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A Hypothesis about the Future World Politics Trend

It is true that today the United States have no absolute control over the international scenario, as had happened after the World War II until the demise of the Soviet Union. It is also true that, as has been rightly pointed out by Zygmunt Bauman, we now live in a liquid modern world  where today’s superpowers are more streamlined than in the past by the raise of new powers  like China, India,  Brazil & others (Bauman: 1). Now everything is boiling,  or does not seem to have  secure horizons. However, experience shows that what is liquid turns usually into solid, and that sooner or later (that is to say, over the next ten or twenty years) the international political situation will have much more defined contours.

 

A first step of the future world politics trend and solidification is the renewed presence of Russia on the international chessboard. President Putin really gives rise to a new scenario, where Russia is accommodated within the center of a new strategic alliance that inevitably one day will collide with that of the United States:

 

“Russia has regained its role as a major world power and thus showed that it [Russia] is not a negligible party in international affairs, but that it will have to be reckoned with in the future […] Today the […] US influence in Central Asia is associated again with Russia, China and Iran, three different countries, yet forming a real community of interests which represents 1.5 billion people, ” Alain de Benoist  said. Besides, he added that Americans are perfectly aware of the development of this particular scenario. In fact, since the early 1940s they knew and appreciated the geopolitical writings of Nicholas Spykman who pointed out that,  “The United States must recognize once again, and permanently, that the power constellation in Europe and Asia is of everlasting concern to her, both in time of war and in time of peace.” And Adam Garfinkle recently observed that “Spykman’s views were universally known and widely appreciated” in the United States (Francis S. Sempa: XXVIII, XXXII, footnote 69).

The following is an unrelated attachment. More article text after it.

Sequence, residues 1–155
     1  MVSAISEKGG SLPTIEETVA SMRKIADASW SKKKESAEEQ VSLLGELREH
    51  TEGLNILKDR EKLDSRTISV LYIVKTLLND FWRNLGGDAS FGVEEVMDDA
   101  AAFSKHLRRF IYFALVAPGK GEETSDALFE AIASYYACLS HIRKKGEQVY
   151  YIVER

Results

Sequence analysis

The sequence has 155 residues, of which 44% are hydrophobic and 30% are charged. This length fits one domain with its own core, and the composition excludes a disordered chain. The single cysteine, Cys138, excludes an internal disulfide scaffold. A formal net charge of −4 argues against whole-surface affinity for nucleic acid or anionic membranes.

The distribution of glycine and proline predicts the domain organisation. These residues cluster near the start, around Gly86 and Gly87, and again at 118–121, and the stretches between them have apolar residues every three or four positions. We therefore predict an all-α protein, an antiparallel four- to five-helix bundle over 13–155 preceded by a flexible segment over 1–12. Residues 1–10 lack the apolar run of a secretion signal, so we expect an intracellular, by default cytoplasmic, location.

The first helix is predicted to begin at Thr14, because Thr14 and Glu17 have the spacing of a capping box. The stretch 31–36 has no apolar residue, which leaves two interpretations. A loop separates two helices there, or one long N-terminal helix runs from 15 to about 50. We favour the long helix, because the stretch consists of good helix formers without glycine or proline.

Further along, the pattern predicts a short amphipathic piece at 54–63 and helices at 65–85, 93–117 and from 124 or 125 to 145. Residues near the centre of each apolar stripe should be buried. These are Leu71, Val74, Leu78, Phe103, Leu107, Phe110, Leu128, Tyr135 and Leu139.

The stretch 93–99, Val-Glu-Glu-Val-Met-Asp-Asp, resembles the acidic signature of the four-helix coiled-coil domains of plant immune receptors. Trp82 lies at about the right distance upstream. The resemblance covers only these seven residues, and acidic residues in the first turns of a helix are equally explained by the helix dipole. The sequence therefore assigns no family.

In this connection, Alain de Benoist firmly continued: “Who controls Eurasia, controls the world, Brzezinski said. To control  Eurasia, means, first of all, adopting a strategy of encirclement of Russia and China. The encirclement of Russia strategy includes the installation of new military bases in Eastern Europe, the establishment of anti-missiles defense systems in Poland, Czech Republic and Romania, supporting the accession of Ukraine and Georgia to Nato, and pursuing an aggressive policy aiming to dislocate Russia’s influence in key regions around the Black Sea, the Caspian Sea and the Caucasus. In terms of energy supply, this strategy leads to the control of Central Asia’s pipelines, Central Asia being transformed into an American protectorate encouraging the development of pipelines in the Caspian to bypass Russia and to reach Turkey, as well as limiting as much as possible the access of Russian tankers to the Bosporus and Dardanelles straits.” (Alain de Benoist).

 

Russia’s  pragmatic President, Vladimir Putin, is called on to measure himself against Donald Trump, an equally pragmatic man  who (at least it seems to me)  is perhaps more helpful than others in dealing with the issue of a new division of the liquid world in favor of both America and Russia. But really Central Asia will be “transformed into an American protectorate?” I doubt it.  China’s relationship with Russia will be “inevitable, ” Alexandros Petersen & Katinka Barysch  said:

 

“From an energy perspective, the relationship between Russia and China should be straightforward. Russia is the world’s biggest hydrocarbon producer. China one of the world’s biggest and fastest growing energy market […] A long-term strategic energy relationship between the two looks not only commercially viable but almost inevitable.”

 

In Alexandros Petersen & Katinka Barysch’s magnificent work, the problems of the triangular relations among China, Russia and United States are posed as follows:

 

“In the immediate post-Cold War period China took a passive approach to Central Asia, staying on the sidelines of the Russia-American struggle for influence in the region. More recently, however, with economic and energy considerations rising into to the fore and China more self-confident in its foreign policy, this has changed dramatically.” (Barysch & Petersen: 2, 39, 32,  42).

 

Richard Morningstar, the Obama’s administration special envoy stressed that  “The US position was and still is that Russia should not have a monopoly on pipelines.”. Furthermore, “The Chinese used the global financial crisis to further expand their influence in Central Asia, offering cash-strapped local regimes large scale loans for economic stimulus and energy investments.”

 

Thus, both Russia and America will divide equally Central Asia among them for making their business, but China will play gooseberry. So, the Russia and the United States need to have a cordial   relationship for effectively opposing the Chinese presence in Central Asia.  But the drama is open to different interpretations and implications.

 

Notes

 

Banjoist, Alain de. The End of the Present World: The Post-American Century and Beyond Conference. Speech. London, October 12, 2013.

Bauman, Zygmunt. 44 Letters From the Liquid Modern World. Cambridge: Polity Press, 2011.

Sempa, Francis P. «The Geopolitical Realism of Nicholas Spykman .» Spykman, Nicholas J. America’s Strategy in World Politics. Brunswick: Transaction Publisher, 2008.

Barysch, Alexandros & Petersen,  Katinka. Russia, China and the geopolitics of energy in Central Asia. London: The Centre for European Reform (CER), 2011.

 

 

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